Wednesday, April 23, 2014
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Web Spam
These are web spam related research papers

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In this paperwe will transfer this approach to a social bookmarking setting to identify spammers. We will present features considering the topological, semantic and profile-based information which people make public when using the system. The dataset used is a snapshot of the social bookmarking system BibSonomy and was built over the course of several months when cleaning the system from spam.
In this paper, we extend the work reported in Sydow et al. [12] by introducing more linguistic-based features and studying their potential usability for Web spam classification.Our effort is complementary to the work on content based features reported by others (see Section 1.1). The main contributions are: (1) Computing over 200 new linguistic-based attributes; in order to get a better, less biased insight, we tested various NLP tools and two Web spam corpora together with 3 different document length-restrictionmodes.
Microsoft - In this paper, we describe several linkbased spam-detection features, both supervised and unsupervised, that can be derived from these approximate supportingsets. In particular, we examine the size of a node's supporting sets and the approximate l2 norm of the PageRank contributions from other nodes. As a supervised feature,we examine the composition of a node's supporting sets. We perform experiments on two labeled real data sets to demonstrate the e effectiveness of these features for spam detection, and demonstrate that these features can be computed efficiently.
In this paper we apply a modification of LDA, the novel multi-corpus LDAtechnique for web spam classification. We create a bag-ofwords document for every Web site and run LDA both on the corpus of sites labeled as spam and as non-spam. In this way collections of spam and non-spam topics are created in the training phase. In the test phase we take the union of these collections, and an unseen site is deemed spam if itstotal spam topic probability is above a threshold. As far as we know, this is the first web retrieval application of LDA.
Every day millions of users search for information on the web viasearch engines, and provide implicit feedback to the results shownfor their queries by clicking or not onto them. This feedback isencoded in the form of a query log that consists of a sequence ofsearch actions, one per user query, each describing the followinginformation: (i) terms composing a query, (ii) documents returnedby the search engine, (iii) documents that have been clicked, (iv)the rank of those documents in the list of results, (v) date and timeof the search action/click, (vi) an anonymous identifier for eachsession, and more.In this work, we investigate the idea of characterizing the documentsand the queries belonging to a given query log with the goalof improving algorithms for detecting spam, both at the documentlevel and at the query level.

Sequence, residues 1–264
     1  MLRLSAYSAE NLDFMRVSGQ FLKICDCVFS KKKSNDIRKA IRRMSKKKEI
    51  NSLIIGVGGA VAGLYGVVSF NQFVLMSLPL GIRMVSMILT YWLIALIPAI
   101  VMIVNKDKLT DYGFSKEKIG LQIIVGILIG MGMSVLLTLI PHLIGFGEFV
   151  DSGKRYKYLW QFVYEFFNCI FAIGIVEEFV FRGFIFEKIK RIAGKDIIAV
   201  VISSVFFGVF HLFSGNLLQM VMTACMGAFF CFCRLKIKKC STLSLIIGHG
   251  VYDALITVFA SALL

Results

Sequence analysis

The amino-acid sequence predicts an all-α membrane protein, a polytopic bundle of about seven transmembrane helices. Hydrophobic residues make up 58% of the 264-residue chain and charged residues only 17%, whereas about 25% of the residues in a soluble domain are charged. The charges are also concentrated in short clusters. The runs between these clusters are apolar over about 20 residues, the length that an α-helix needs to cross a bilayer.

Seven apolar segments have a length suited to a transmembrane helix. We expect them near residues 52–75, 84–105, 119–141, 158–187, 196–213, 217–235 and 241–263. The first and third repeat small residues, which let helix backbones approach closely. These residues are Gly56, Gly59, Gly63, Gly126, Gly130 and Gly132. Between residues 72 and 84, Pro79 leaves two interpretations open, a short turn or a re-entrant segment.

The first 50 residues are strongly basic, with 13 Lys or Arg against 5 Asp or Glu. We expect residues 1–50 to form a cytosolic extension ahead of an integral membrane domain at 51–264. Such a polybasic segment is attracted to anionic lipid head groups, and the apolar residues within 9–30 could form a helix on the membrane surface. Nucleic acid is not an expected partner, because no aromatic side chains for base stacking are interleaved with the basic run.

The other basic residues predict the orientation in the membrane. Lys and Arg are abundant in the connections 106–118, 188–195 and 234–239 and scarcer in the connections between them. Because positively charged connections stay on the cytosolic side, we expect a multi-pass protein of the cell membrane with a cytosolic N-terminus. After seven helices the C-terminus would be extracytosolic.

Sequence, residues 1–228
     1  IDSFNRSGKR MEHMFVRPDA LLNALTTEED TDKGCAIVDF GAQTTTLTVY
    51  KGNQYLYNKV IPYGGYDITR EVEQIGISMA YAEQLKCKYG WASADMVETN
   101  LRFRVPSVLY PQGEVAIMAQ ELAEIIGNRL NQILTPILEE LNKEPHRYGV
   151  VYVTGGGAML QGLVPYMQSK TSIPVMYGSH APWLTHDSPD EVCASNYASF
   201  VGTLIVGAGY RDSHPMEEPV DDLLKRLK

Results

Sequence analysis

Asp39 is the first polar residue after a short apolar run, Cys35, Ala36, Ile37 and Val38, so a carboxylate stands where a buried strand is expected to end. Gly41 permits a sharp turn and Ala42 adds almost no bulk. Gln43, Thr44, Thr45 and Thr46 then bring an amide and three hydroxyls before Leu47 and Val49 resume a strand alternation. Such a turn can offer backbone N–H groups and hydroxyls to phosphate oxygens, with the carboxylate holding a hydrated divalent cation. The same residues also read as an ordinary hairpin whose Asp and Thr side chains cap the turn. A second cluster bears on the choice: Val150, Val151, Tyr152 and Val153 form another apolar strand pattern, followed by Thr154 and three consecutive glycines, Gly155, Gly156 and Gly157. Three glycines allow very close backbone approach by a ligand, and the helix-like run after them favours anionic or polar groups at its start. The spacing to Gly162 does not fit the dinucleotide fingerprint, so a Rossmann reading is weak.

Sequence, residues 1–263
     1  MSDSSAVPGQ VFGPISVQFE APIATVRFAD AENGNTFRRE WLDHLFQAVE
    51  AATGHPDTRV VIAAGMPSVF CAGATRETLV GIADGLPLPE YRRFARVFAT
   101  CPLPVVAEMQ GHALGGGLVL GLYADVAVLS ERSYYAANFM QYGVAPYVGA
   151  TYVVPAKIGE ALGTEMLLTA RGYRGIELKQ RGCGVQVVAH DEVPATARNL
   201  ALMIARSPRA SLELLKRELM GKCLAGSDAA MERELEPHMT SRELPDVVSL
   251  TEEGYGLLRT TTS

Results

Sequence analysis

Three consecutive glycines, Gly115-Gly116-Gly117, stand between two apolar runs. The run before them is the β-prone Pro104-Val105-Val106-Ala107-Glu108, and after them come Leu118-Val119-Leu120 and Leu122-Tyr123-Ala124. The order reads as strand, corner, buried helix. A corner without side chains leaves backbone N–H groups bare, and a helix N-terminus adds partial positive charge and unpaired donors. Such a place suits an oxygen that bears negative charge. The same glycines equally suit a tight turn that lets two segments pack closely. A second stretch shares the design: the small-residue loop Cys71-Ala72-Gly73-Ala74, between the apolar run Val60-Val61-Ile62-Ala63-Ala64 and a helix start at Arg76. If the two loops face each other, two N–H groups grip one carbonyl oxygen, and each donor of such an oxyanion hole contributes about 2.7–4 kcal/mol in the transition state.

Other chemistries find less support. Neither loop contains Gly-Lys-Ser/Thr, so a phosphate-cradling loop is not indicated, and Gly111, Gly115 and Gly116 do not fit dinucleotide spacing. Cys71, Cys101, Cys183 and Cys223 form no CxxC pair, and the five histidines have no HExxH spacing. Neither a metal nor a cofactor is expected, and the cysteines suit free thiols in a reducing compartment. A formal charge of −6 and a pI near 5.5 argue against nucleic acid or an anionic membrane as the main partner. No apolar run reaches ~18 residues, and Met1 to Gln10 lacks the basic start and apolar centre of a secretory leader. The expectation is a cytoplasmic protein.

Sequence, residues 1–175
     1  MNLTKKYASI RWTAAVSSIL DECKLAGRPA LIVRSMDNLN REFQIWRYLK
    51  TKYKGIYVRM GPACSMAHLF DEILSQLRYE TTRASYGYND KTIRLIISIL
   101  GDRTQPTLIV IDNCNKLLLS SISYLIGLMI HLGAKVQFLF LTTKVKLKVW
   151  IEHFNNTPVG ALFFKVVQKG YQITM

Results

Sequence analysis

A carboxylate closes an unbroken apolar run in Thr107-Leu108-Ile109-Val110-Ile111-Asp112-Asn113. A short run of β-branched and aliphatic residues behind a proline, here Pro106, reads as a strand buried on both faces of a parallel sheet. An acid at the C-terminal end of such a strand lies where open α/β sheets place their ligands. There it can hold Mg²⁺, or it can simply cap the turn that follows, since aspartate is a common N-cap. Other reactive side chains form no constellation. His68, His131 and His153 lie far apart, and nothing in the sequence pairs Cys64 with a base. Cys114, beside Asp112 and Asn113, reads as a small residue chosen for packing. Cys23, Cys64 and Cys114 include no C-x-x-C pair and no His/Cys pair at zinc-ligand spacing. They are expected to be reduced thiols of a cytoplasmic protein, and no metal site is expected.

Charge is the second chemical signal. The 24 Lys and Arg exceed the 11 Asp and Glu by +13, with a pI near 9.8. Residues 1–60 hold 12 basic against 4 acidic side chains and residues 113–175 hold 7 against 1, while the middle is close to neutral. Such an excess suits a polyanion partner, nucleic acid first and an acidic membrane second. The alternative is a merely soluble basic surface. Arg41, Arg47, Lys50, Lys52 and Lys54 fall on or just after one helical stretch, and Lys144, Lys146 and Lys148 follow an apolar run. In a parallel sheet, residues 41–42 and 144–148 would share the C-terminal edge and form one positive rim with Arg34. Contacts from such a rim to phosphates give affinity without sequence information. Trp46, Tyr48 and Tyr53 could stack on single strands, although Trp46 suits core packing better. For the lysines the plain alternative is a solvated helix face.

The main contributions of our work are: (1) User visiting patterns of spam pages are studied and three user behavior features are proposed to separate Web spam from ordinary ones. (2) A novel spam detection framework is proposed that can detect unknown spam types and newly-appeared spam with the help of user behavior analysis. Preliminary experiments on large scale Web access log data (containing over 2.74 billion user clicks) show the effectiveness of the proposed features and detection framework.
We present an algorithm, witch, that learns to detect spamhosts or pages on the Web. Unlike most other approaches,it simultaneously exploits the structure of the Web graphas well as page contents and features. The method is e-cient, scalable, and provides state-of-the-art accuracy on astandard Web spam benchmark.
Microsoft - In this paper, we continue our investigations of “web spam”: theinjection of artificially-created pages into the web in order to influencethe results from search engines, to drive traffic to certain pagesfor fun or profit. This paper considers some previously-undescribedtechniques for automatically detecting spam pages, examines theeffectiveness of these techniques in isolation and when aggregatedusing classification algorithms. When combined, our heuristicscorrectly identify 2,037 (86.2%) of the 2,364 spam pages (13.8%)in our judged collection of 17,168 pages, while misidentifying 526spam and non-spam pages (3.1%).
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